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J Korean Soc Ther Radiol > Volume 15(1); 1997 > Article
Journal of the Korean Society for Therapeutic Radiology 1997;15(1): 71-78.
Commissionning of Dynamic Wedge Field Using Conventional Dosimetric Tools
Mi Hwa Kim, Byong Yong Yi, Sang Kyun Nha, Eun Kyung Choi, Jong Hoon Kim, Hyesook Chang
1Department of Radiation Oncology, Asan Medical Center, College of Medicine, University of Ulsan, Seoul, Korea.
2Department of Physics, University of Ulsan, Kyung Nam, Korea.
ABSTRACT
PURPOSE:
To collect beam data for dynamic wedge fields using conventional measurement tools without the multi-detector system, such as the linear diode detectors or ionization chambers.
MATERIALS AND METHODS:
The accelerator CL 2100 C/D has two photon energies of 6MV and 15MV with dynamic wedge angles of 15o, 30o, 45o and 60o. Wedge transmission factors, percentage depth doses(PDD's) and dose profiles were measured. The measurements for wedge transmission factors are performed for field sizes ranging from 4x4cm2 to 20x20cm2 in 1-2cm steps. Various rectangular field sizes are also measured for each photon energy of 6MV and 15MV, with the combination of each dynamic wedge angle of 15o, 30o, 45o and 60o. These factors are compared to the calculated wedge factors using STT(Segmented Treatment Table) value. PDD's are measured with the film and the chamber in water phantom for fixed square field. Converting parameters for film data to chamber data could be obtained from this procedure. The PDD's for dynamic wedged fields could be obtained from film dosimetry by using the converting parameters without using ionization chamber. Dose profiles are obtained from interpolation and STT weighted superposition of data through selected asymmetric static field measurement using ionization chamber.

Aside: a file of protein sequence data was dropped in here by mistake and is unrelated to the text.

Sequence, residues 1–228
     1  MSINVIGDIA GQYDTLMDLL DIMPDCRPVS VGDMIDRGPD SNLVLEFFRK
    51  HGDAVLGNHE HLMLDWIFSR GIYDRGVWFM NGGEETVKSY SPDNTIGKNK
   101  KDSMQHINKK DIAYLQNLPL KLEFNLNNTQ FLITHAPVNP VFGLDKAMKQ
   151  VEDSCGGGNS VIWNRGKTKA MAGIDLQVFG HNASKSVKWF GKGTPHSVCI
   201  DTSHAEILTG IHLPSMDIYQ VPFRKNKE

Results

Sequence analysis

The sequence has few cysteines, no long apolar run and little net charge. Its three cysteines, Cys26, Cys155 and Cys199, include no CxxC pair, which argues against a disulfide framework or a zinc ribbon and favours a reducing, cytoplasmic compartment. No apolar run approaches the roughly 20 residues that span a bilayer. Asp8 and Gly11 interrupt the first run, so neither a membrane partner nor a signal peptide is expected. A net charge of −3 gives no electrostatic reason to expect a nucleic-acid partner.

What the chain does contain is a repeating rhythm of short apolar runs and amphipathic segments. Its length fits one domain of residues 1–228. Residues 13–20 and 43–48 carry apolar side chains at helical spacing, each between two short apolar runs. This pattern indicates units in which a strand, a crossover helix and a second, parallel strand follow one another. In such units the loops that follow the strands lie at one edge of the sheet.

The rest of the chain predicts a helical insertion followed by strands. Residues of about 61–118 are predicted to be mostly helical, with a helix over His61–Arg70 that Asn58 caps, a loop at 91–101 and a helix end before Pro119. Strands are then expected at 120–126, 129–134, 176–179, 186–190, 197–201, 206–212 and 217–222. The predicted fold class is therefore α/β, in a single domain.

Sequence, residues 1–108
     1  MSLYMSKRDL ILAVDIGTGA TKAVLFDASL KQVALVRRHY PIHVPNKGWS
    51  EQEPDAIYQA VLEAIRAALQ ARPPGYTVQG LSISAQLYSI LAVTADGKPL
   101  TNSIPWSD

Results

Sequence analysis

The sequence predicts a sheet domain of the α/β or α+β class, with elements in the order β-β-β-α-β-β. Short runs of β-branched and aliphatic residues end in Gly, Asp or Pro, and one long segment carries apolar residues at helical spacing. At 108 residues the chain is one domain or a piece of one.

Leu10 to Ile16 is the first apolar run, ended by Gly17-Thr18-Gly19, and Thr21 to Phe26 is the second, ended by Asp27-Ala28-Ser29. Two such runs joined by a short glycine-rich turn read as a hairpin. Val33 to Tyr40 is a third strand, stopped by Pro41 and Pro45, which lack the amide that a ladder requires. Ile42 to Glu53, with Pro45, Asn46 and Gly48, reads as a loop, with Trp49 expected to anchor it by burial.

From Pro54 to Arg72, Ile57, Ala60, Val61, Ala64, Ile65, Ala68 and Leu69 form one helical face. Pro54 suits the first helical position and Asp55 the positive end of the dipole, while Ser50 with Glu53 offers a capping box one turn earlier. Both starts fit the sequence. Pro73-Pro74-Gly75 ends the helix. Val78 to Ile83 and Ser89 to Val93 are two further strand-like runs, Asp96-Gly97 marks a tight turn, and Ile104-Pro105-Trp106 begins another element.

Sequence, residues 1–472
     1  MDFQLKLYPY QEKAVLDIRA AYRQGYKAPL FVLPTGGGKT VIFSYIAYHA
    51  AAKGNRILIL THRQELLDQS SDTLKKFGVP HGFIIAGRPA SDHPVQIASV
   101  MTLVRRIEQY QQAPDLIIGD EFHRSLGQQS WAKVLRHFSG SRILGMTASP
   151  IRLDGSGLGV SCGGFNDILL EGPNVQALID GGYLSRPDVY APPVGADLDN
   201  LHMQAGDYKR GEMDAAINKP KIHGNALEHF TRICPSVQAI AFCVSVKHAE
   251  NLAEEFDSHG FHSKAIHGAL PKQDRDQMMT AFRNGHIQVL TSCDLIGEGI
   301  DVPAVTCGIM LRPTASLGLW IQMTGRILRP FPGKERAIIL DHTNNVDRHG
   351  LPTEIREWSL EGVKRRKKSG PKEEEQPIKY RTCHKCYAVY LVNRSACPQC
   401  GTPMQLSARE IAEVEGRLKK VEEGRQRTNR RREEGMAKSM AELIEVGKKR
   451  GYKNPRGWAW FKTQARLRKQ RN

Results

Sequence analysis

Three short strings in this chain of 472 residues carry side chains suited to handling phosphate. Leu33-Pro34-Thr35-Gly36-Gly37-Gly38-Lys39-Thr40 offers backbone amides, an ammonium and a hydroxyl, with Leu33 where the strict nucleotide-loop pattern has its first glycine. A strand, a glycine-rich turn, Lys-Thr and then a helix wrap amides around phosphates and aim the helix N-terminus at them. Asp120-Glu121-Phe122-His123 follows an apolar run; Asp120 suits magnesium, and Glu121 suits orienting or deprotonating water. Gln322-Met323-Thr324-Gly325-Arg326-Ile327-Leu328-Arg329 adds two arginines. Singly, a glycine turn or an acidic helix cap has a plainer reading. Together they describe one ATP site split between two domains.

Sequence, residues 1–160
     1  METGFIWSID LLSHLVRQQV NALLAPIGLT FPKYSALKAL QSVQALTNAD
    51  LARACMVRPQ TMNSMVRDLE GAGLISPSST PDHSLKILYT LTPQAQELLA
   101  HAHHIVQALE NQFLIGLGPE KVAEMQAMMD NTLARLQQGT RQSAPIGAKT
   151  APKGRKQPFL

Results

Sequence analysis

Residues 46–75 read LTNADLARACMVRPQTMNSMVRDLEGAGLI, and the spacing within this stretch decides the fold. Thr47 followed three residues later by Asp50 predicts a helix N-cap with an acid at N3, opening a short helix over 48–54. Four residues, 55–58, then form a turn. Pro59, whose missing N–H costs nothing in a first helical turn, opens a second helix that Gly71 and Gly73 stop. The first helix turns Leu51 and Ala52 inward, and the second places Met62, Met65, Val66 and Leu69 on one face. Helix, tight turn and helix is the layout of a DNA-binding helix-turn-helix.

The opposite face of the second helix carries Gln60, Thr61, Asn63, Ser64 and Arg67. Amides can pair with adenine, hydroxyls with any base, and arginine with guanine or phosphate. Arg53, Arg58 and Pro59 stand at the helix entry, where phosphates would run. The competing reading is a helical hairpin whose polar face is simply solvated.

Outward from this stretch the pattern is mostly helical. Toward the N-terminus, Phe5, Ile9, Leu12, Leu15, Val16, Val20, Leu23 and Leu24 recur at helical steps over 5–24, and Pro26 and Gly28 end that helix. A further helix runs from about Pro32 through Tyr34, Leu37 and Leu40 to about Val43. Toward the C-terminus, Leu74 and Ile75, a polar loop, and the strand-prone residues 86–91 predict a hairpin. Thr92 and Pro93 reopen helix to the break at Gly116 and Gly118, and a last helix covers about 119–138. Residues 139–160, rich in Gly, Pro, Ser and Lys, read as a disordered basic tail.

RESULTS:
The measured values of wedge transmission factors show good agreement to the calculated values. The wedge factors of rectangular fields for constant Y-field were equal to those of square fields. The differences between open fields' PDDs and those from dynamic fields are insignificant. Dose profiles from superposition method showed acceptable range of accuracy(maximum 2% error) when we compare to those from film dosimetry.
CONCLUSION:
The results from this superposition method showed that commissionning of dynamic wedge could be done with conventional dosimetric tools such as point detector system and film dosimetry winthin maximum 2% error range of accuracy.
Key Words: Dynamic wedge, Wedge transmission factor, PDD, Dose profile, STT, Converting parameter, Superposition method
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